Anthony Hulbert

Emeritus Professor

Citation delivered by Professor Alison Jones Deputy Vice-Chancellor (Health and Communities) and Executive Dean of the Faculty of Science, Medicine and Health University of Wollongong on the occasion of the admission of Anthony John Hulbert as an Emeritus Professor of the University on 24 April 2019.


Deputy Chancellor, I present Professor Anthony John Hulbert.

143 published articles, 10,000 citations, close to two and a half million dollars in grant funding, 25 congress and symposium lectures, supervision of 35 student research projects, seven awards and fellowships, and 35 years of service to the University of Wollongong. If a man was measured by metrics alone, Tony would be classified as a giant in the scientific world.

However, it is not numbers alone that make a scientist, it is the impact one has on the field, on their students, on their peers. It is their dedication to the scientific method, their enthusiastic pursuit of knowledge, and their unique and profound contribution to the scientific community. It is for these reasons that we acknowledge and celebrate the achievements of Tony Hulbert.

In 1969 Tony completed a Bachelor of Science in Zoology at the University of New South Wales, the first step in his academic journey. He followed this up with a Doctor of Philosophy in Zoology in 1973, which saw him chasing bilbies in the Tanami desert in the Northern Territory and catching spiny-haired bandicoots on Cape York in Queensland. With these adventures, his path in biological sciences was forged.

A CSIRO Postdoctoral Fellowship in 1973, which included a period at Cornell University, had a major impact on Tony’s research trajectory. His discoveries while studying physiological changes in ground squirrels preparing for hibernation lead to his career-long focus on comparative physiology, specifically on the interrelations between thyroid hormones, cell membrane lipid composition, and metabolism.

Tony joined the University of Wollongong in 1975 as a lecturer in Biology, and retired in 2010 as Professor in the School of Biological Sciences. During his time at UOW he was actively involved in university affairs, serving as Head of the Department of Biology and School of Biological Sciences, serving as a member of the Faculty Executive Committee, and as a member of the Academic Senate and the Senate Standing Committee, and elected as a staff representative on the University Council. He was also a committed and popular teacher throughout his time at UOW, focusing mostly on subjects in comparative physiology and biochemistry. As a teacher, researcher and governor he promoted and enhanced the University’s standing; and he provided a rigorous and enriching environment for learning, producing high quality graduates and research outcomes.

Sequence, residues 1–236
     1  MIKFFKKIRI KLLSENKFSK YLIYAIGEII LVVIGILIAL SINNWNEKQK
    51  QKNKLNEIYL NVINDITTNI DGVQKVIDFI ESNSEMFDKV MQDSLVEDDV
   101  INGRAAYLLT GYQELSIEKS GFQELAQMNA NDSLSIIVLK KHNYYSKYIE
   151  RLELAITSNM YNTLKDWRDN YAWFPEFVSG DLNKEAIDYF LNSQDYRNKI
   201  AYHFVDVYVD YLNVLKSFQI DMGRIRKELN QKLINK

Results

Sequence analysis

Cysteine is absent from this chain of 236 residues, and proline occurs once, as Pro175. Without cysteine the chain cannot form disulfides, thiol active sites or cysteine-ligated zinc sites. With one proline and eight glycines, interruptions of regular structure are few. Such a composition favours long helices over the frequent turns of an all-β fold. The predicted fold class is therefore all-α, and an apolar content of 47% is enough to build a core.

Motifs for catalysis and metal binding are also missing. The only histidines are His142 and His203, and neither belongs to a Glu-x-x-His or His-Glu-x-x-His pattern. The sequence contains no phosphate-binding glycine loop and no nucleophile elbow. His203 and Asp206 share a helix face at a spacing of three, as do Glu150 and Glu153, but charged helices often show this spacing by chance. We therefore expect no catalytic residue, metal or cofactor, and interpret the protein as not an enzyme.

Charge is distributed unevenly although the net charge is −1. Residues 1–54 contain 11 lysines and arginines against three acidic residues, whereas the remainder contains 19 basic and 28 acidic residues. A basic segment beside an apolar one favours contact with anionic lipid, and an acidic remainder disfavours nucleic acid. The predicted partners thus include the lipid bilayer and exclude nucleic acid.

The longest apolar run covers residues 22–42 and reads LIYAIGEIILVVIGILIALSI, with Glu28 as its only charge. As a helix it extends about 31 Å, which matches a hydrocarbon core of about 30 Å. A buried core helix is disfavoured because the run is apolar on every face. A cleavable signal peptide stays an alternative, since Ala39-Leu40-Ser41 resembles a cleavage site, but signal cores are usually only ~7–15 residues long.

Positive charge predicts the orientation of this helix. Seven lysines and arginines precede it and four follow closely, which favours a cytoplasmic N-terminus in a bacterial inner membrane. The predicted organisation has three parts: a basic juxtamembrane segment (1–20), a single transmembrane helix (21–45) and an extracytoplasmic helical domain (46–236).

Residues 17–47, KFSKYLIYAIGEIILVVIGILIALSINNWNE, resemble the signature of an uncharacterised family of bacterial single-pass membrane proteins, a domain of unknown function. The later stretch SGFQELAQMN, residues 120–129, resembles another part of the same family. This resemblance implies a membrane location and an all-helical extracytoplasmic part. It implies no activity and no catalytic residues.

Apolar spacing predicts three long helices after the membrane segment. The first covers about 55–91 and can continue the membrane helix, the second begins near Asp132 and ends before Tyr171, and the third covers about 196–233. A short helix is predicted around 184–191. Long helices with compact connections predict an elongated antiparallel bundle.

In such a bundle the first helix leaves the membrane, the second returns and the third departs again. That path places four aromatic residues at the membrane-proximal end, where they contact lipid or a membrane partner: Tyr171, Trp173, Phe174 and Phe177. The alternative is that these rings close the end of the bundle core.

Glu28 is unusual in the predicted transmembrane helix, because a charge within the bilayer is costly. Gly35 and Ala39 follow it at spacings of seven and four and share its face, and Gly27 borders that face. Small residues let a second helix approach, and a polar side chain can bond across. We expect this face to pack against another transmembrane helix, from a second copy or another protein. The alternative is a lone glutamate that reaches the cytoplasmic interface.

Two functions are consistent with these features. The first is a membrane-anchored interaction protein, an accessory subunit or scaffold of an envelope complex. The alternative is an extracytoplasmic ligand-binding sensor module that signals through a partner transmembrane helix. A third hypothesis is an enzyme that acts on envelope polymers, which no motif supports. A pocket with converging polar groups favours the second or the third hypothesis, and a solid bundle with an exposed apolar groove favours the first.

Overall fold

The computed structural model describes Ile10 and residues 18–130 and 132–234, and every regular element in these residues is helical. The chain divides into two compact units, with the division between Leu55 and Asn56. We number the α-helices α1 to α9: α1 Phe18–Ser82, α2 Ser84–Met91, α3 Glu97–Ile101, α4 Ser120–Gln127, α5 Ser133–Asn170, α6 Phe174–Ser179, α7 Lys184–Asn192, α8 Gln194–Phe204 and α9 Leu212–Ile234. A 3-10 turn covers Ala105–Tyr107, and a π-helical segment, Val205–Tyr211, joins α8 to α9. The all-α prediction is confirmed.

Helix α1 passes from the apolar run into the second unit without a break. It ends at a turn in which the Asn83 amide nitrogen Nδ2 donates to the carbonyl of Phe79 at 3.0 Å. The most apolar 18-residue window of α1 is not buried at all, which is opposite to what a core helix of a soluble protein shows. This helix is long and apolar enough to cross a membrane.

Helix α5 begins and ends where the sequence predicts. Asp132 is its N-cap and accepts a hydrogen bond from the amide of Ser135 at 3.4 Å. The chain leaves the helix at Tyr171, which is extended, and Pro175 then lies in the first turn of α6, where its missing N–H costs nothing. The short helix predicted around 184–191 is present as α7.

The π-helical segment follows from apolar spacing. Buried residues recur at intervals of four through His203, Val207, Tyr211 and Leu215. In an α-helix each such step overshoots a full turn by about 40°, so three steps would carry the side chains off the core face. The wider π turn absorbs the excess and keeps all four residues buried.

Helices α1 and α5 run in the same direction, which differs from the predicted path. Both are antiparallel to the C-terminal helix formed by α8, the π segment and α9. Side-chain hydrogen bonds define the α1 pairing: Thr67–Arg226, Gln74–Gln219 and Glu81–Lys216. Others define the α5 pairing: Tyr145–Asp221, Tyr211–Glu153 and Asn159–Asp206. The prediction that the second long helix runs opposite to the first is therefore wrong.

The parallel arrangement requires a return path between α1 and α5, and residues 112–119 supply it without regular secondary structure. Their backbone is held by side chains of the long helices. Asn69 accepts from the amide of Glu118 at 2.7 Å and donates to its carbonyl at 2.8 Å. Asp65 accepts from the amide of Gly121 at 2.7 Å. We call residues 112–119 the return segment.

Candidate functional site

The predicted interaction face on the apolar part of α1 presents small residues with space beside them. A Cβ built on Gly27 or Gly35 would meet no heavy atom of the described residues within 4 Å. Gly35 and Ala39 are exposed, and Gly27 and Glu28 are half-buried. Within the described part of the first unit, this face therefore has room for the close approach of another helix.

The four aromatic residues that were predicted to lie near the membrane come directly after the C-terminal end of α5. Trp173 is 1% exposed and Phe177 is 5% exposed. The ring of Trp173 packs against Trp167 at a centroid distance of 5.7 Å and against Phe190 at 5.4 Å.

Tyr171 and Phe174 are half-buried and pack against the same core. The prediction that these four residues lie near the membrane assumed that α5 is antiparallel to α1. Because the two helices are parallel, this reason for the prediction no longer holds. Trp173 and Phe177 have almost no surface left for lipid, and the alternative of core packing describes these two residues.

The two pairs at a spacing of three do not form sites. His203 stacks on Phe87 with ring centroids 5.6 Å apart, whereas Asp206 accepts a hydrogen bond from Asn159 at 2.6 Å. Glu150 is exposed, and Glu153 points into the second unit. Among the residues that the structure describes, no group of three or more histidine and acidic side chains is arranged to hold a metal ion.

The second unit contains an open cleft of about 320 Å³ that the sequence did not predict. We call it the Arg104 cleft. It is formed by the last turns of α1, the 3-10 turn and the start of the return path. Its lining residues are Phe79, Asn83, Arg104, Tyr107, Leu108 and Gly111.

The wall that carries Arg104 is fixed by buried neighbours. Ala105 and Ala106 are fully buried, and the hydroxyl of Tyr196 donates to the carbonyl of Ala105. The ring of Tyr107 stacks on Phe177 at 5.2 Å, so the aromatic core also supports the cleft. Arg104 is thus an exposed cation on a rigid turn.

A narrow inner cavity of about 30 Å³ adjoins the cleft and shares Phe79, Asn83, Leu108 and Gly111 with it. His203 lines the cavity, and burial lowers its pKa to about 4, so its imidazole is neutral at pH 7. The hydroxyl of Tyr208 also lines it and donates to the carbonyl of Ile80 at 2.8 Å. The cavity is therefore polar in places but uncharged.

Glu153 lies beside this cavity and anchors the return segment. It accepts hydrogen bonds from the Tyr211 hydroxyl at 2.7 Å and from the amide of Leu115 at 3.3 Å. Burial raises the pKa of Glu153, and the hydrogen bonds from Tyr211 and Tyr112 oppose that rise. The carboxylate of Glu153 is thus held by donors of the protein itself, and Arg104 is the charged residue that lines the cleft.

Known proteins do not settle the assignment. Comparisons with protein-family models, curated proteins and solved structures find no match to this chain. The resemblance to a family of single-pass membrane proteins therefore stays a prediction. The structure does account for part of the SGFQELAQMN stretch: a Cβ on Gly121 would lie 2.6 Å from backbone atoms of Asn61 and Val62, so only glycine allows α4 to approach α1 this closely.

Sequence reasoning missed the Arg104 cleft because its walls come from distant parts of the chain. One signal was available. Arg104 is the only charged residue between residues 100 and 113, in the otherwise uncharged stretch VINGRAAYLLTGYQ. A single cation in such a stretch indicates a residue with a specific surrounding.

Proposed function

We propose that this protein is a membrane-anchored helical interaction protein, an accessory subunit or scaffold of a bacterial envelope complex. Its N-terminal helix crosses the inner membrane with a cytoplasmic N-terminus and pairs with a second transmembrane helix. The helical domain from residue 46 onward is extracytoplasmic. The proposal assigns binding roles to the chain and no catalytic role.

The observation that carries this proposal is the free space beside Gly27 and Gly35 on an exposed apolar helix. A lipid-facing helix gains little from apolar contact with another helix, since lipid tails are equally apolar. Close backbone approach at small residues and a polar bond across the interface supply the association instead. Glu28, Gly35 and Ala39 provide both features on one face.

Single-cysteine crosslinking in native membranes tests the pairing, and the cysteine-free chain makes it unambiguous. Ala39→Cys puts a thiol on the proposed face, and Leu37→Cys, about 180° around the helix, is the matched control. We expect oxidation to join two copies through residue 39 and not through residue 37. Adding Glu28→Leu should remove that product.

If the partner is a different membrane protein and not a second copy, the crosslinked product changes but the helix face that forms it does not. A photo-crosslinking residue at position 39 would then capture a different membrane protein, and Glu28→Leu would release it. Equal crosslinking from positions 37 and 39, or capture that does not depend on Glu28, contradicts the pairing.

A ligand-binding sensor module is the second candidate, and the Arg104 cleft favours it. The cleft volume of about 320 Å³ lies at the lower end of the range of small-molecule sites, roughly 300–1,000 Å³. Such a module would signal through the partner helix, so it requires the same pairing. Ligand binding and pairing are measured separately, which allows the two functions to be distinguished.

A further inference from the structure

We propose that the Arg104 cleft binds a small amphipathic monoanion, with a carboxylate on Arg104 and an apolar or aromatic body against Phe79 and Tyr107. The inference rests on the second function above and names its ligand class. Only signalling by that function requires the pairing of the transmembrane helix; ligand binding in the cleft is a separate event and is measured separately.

Tony’s impact on the discipline of comparative physiology has been profound, revealed by the quantity of his research output, but, more importantly, by the measures of its quality and the extent of his involvement in its production. His creative insights are original and thought-provoking, and include his renowned ‘membrane pacemaker’ hypothesis. The breadth and quality of Tony’s research is also evidenced by his highly productive collaborations with scientists who are recognised world experts in a diverse range of fields, both nationally and internationally. In 2005 he received a Fulbright Senior Scholar Fellowship, and in 2006 he was awarded the Clarke Medal for distinguished research in zoology by the Royal Society of New South Wales. These, among many other accolades, classify Tony as a distinguished scholar.

The University advocates the importance of lifelong learning, and Tony takes this a step further as a lifelong scholar. He continues to publish research papers and books, supervise PhD students, mentor academic staff and collaborate on research projects. Early on in his career, Tony’s first book chapter was reviewed by the journal Science as “…informative and provocative all at once”. This phrase can be applied to Tony’s entire scientific career: informative, provocative – and dedicated.

Deputy Chancellor, for his distinguished contributions to the international field of comparative physiology, and his exceptional service and dedication to the University of Wollongong and its research community, it is a pleasure and privilege to present Anthony John Hulbert for admission as an Emeritus Professor of the University of Wollongong.